Lok Lew Yan Voon, Ph.D.

Dr. Lok C. Lew Yan Voon is a full Professor of Physics at The University of West Georgia. Born on the culturally diverse island of Mauritius, his higher education student career started as a Tate & Lyle Cambridge scholar at the University of Cambridge for his BA in Natural Sciences, a Killiam scholar at the University of British Columbia for his MSc in Physics, and supported under a US Naval Research Lab grant for his PhD in Semiconductor Physics at Worcester Polytechnic Institute. He then received the prestigious Alexander von Humboldt fellowship for a postdoctoral position at the Max Planck Institute for Solid State Physics in Germany, under the mentorship of Prof. Dr. Manuel Cardona. Dr. Lew Yan Voon was a faculty at Worcester Polytechnic Institute (WPI) in Massachusetts for 9 years before becoming the department chair of the Department of Physics at Wright State University (WSU) in Ohio, a position he held for 8 years before assuming the position of dean of the School of Science and Mathematics at The Citadel, the Military College of South Carolina in 2012. Each of these positions has been characterized by significant achievements. While at WPI, Dr. Lew Yan Voon received the NSF CAREER award and the Balslev award (Denmark), and was nominated for the Romeo L. Moruzzi Young Faculty Award for Innovation in Undergraduate Education. Together with a colleague, they raised $365,000 from a local company to set up a photonics teaching lab. He also became the director of the Hong Kong Project Center, an interdisciplinary project-based learning experience for students.Under Dr. Lew Yan Voon's leadership at WSU, the physics department experienced significant growth: faculty FTE increased almost 50%, student numbers doubled, faculty publication doubled, and external funding increased from $300,000 to over $2.5M a year. Faculty diversity within the department also improved, from all Caucasian and 10% women in 2004 to about 85% Caucasian and about 30% women. State funding was obtained in order to set up a computer laboratory for workforce development, the first-ever endowed chair faculty position, and a research cluster in sensor technology in collaboration with the College of Engineering and Computer Science and also with 5 other universities and over 100 companies. He supported a strong teacher education program joint with the College of Education and Human Services. The foundations laid by Dr. Lew Yan Voon continue to transform WSU even after his departure as his promotion of new pedagogies such as undergraduate research became college-wide and university-wide initiatives, his lobbying for a new interdisciplinary doctoral program has resulted in a new interdisciplinary computational science PhD program, and the research cluster he established became one of the two anchors for the Neuroscience Engineering Collaboration building, the most prominent research endeavor on campus. At The Citadel, his first year was characterized by working with his department heads to align faculty's promotion of undergraduate research with the new institution-wide strategic plan into an innovative four-year research across the curriculum program of distinction that his School of Science and Mathematics is now recognized for. During his second year, he successfully led a team of faculty in both his school and the School of Education to receive a $1.2M NSF Noyce scholarship grant, the largest federal grant at the college at the time. He also led a team of area colleges and 6 STEM organizations to found the Charleston STEM Festival, and event which went from 1,500 attendees in Year 1 to 10,000 by Year 3. Furthermore, he initiated the founding of a new nursing program and took it from concepts to the final stages of approval in just a year, together with a $4M private gift to cover the initial start-up costs. This was recently increased to an eight-figure gift and the naming of the School. Dr. Lew Yan Voon also introduced new faculty and student awards and a highly visible alumni event, an awards banquet attended by close to 300 people in 2016. Dr. Lew Yan Voon served as Dean of the College of Science and Mathematics at UWG for 3 years during which time he pushed for stronger shared governance, worked with faculty to create the first college strategic plan, increased transparency, continued support for faculty professional development, started the first donor-funded summer REU program, achieved greater community engagement, co-organized the first West Georgia STEM festival, helped establish the first full scholarship for COSM majors by a local manufacturing company, established a Development Council for the college, worked with his departments to start the first accelerated BS-MS degree program on campus, assisted in the exploration of a new data science program, formed and led an exploratory team of faculty to advocate for increased faculty computing support including high-performance computing, and, last but not least, successfully advocated for plans for a new Science and Mathematics Complex to be included in the Campus Mater Plan. Dr. Lew Yan Voon is still research active and his current research is in nanomaterials science. He has published over 100 peer-reviewed papers, written two textbooks, given numerous invited talks, and received over $2M in funding. The work of his student, G. G. Guzman-Verri, and himself on the prediction of the fascinating properties of a then hypothetical material they named silicene has since gone virial, with over 750 citations, research groups around the world fabricating it, and has initiated a new line of research. He has been a visiting faculty at the Air Force Research Laboratory, Hong Kong University of Science and Technology, Stanford University, the University of Southern Denmark and the Beijing Institute of Nanoenergy and Nanosystems. He has served on the editorial board a number of journals, on the founding board of directors for a charter school, and is a regular panel reviewer for the National Science Foundation. Dr. Lew Yan Voon is an ardent supporter of interdisciplinary collaboration, STEM education and research, and global partnerships. He speaks four languages, has lived in almost 10 different countries, and is an avid 5-10K runner.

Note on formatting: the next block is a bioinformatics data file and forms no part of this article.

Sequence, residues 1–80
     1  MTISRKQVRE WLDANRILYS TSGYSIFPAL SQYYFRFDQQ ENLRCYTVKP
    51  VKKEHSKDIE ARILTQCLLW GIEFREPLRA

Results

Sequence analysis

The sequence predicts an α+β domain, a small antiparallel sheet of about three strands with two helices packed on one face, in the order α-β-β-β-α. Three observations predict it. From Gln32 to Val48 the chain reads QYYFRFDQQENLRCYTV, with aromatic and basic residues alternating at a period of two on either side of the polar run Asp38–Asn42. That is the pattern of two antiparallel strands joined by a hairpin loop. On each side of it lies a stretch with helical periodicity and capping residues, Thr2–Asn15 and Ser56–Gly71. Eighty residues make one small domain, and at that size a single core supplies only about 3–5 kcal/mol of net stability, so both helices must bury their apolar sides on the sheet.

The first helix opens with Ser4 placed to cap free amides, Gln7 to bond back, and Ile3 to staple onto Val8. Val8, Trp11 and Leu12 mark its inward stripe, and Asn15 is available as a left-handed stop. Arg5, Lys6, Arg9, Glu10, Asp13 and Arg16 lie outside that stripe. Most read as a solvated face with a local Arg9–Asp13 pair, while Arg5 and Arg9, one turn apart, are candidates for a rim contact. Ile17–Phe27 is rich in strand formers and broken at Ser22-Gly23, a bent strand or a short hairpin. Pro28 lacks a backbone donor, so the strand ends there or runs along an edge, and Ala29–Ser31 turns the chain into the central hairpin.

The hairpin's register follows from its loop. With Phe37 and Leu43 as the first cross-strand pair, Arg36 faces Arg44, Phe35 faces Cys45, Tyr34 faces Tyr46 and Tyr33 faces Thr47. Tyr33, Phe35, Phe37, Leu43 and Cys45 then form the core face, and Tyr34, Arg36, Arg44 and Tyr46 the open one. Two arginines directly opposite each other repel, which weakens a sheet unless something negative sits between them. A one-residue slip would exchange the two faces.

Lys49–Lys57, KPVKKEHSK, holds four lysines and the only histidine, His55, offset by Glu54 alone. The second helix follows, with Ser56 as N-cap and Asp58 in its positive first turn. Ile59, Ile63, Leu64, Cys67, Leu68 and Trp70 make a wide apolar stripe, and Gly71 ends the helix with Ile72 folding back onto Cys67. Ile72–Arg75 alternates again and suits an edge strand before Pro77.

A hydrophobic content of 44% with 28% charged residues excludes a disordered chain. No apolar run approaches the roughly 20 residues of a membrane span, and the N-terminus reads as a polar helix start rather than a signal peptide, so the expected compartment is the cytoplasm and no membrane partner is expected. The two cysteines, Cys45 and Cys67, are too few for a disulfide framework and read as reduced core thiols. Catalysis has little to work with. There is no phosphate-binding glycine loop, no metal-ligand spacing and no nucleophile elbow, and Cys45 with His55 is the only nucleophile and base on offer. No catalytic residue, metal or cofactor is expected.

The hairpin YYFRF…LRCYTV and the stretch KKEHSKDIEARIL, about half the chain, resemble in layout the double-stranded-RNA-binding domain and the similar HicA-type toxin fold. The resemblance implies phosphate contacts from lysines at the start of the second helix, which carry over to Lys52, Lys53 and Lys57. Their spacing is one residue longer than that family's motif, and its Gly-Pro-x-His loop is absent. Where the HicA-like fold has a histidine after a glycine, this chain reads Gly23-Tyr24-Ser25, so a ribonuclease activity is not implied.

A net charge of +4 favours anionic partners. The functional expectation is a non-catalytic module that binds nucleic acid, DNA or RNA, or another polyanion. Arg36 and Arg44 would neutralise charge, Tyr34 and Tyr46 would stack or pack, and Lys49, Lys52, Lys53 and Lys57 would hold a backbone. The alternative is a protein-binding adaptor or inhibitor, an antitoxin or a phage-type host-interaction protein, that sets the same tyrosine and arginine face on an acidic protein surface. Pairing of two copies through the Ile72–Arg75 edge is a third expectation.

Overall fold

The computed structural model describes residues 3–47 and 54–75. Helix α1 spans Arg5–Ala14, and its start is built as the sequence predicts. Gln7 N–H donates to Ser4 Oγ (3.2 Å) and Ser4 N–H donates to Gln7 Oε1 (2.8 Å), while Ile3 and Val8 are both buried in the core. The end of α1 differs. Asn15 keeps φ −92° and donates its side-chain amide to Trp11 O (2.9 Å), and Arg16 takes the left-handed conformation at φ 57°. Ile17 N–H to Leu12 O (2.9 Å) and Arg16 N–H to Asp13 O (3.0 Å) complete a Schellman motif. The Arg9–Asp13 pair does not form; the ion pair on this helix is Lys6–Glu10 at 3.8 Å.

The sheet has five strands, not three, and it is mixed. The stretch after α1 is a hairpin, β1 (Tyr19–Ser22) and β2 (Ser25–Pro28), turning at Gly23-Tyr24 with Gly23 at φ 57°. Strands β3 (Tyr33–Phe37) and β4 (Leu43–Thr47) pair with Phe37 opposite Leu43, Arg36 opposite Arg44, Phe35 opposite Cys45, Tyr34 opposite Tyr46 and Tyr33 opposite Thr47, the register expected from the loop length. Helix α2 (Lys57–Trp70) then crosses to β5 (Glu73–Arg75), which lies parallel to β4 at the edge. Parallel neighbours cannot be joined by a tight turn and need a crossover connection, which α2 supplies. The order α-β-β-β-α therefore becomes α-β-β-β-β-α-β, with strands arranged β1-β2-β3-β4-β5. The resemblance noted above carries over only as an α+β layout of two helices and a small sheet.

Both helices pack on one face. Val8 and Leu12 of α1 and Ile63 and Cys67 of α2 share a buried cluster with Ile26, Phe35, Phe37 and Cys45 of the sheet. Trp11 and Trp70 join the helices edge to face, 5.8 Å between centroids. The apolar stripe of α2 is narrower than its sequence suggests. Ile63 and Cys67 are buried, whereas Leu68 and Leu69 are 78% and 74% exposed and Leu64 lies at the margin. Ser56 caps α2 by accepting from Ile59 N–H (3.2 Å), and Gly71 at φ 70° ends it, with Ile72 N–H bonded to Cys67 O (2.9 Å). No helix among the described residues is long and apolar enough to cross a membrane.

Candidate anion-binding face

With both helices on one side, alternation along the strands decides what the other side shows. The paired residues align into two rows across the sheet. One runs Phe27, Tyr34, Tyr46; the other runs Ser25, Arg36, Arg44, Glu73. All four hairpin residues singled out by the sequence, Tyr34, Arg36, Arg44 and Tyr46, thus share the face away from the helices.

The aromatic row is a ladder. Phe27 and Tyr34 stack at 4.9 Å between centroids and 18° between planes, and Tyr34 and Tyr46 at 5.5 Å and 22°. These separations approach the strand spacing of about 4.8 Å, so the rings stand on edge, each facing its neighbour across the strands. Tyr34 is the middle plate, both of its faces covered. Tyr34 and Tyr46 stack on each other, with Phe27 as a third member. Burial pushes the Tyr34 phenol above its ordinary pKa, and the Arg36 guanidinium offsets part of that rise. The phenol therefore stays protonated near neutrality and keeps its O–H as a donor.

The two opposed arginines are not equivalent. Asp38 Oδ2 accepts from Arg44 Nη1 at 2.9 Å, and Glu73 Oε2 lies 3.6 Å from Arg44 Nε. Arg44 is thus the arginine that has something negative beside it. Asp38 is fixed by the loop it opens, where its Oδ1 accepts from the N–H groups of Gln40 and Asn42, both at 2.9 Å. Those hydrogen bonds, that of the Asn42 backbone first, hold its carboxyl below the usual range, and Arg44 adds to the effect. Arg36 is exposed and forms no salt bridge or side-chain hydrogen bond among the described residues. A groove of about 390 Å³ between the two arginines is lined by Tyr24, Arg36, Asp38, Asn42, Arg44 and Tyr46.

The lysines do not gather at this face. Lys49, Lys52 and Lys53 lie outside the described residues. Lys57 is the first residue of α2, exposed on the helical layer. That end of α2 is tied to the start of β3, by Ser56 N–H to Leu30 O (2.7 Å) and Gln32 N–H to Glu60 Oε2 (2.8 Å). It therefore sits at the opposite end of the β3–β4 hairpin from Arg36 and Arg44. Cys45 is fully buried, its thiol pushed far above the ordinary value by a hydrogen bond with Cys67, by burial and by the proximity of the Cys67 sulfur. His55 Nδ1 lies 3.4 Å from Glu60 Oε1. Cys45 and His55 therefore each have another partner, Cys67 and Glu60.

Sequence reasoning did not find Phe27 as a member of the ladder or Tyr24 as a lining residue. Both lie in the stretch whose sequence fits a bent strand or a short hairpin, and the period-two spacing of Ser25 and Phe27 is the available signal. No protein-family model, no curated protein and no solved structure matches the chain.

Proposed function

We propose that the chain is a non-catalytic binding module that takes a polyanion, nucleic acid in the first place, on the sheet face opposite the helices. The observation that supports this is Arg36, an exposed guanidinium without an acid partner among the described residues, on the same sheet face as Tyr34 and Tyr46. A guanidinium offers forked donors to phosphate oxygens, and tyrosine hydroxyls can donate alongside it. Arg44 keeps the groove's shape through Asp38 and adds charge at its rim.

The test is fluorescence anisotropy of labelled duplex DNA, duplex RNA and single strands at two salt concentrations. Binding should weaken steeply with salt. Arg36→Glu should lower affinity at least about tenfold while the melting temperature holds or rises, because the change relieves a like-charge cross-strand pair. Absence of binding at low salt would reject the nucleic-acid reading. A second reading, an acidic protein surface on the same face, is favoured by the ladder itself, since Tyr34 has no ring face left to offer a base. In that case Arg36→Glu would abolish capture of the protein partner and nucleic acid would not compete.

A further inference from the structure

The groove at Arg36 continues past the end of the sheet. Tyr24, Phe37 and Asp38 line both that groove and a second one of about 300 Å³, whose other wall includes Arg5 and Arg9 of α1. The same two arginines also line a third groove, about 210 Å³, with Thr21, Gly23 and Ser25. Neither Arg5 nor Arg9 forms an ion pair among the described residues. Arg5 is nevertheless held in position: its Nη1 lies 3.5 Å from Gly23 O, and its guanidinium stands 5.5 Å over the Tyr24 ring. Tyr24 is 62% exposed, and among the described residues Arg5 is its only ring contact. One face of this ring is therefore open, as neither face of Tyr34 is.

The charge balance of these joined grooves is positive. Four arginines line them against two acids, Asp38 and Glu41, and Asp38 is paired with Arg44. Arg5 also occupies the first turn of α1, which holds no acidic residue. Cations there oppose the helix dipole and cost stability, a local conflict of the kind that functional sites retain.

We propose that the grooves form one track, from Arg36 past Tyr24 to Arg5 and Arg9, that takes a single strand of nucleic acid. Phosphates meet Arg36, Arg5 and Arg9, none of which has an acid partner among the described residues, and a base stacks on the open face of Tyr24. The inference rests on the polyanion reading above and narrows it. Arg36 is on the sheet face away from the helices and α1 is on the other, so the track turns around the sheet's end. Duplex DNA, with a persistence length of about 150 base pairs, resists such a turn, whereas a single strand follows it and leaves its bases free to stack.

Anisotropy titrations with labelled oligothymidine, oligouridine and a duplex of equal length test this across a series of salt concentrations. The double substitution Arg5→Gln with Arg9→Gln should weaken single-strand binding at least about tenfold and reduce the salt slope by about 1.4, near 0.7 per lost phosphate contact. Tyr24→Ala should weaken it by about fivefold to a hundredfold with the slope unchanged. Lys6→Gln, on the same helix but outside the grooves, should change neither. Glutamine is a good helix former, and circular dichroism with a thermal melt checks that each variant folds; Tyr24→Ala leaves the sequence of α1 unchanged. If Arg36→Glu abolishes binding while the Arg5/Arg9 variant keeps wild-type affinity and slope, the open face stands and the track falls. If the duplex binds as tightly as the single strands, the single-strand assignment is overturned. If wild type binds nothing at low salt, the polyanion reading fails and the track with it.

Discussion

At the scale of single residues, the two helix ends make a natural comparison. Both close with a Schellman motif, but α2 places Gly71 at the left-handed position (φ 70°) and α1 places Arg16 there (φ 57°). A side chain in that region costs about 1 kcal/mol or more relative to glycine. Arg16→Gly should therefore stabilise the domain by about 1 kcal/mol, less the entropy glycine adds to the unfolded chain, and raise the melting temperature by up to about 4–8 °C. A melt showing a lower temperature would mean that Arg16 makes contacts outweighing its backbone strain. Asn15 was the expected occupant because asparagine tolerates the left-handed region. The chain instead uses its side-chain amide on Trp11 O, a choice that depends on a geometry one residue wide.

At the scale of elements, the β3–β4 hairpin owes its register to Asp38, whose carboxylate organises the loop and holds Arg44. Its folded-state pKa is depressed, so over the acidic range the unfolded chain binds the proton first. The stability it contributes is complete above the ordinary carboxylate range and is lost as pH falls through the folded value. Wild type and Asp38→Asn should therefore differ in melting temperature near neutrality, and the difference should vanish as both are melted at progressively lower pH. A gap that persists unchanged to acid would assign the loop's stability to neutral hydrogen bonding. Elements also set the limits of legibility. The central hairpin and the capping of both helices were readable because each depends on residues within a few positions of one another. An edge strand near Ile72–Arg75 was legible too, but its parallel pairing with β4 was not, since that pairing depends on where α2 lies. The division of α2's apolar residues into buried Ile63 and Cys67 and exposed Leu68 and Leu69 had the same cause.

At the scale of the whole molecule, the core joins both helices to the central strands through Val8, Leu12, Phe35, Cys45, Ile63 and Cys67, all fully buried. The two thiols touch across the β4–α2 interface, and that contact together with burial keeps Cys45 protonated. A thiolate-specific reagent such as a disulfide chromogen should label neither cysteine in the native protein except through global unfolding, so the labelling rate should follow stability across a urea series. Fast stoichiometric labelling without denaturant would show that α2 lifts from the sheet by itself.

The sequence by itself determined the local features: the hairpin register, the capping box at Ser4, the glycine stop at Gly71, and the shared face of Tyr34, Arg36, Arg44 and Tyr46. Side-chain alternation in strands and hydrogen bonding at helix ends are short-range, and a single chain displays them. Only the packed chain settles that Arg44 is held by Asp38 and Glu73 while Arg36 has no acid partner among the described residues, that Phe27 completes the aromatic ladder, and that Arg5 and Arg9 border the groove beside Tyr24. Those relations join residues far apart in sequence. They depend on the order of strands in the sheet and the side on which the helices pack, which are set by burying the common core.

• M.A., Natural Sciences, University of Cambridge, 1987
  • M.S., Theoretical Physics, University of British Columbia, 1989
  • PhD, Theoretical Physics, Worcester Polytechnic Institute, 1993

Spring 2022 Sections

Fall 2021 Sections

Summer 2021 Sections

Spring 2021 Sections

Fall 2020 Sections

Summer 2020 Sections

  • PHYS-1112 (Introductory Physics II) Section: E01
  • PHYS-1112L (Lab for PHYS 1112) Section: E01

Fall 2019 Sections

  • XIDS-2001 (WDYKA The Physical Universe) Section: 02

Fall 2018 Sections

  • XIDS-2002 (WDYKA STEM & Makerspace) Section: 02
  • PHYS-4513 (Mathematical Physics) Section: 01

Spring 2017 Sections

  • PHYS-4333 (Quantum Mechanics) Section: 01

Physics and Educational Leadership

I am a physicist, faculty and higher education administrator active in materials research. I pioneered research into two-dimensional nanomaterials with the prediction of the fascinating properties of silicene. I have also led projects in increasing the STEM workforce, particularly in producing more K-12 STEM teachers. I am experienced in higher education administration and have served on the board of the Ka'u Learning Academy.

Research Project: Contact Electrification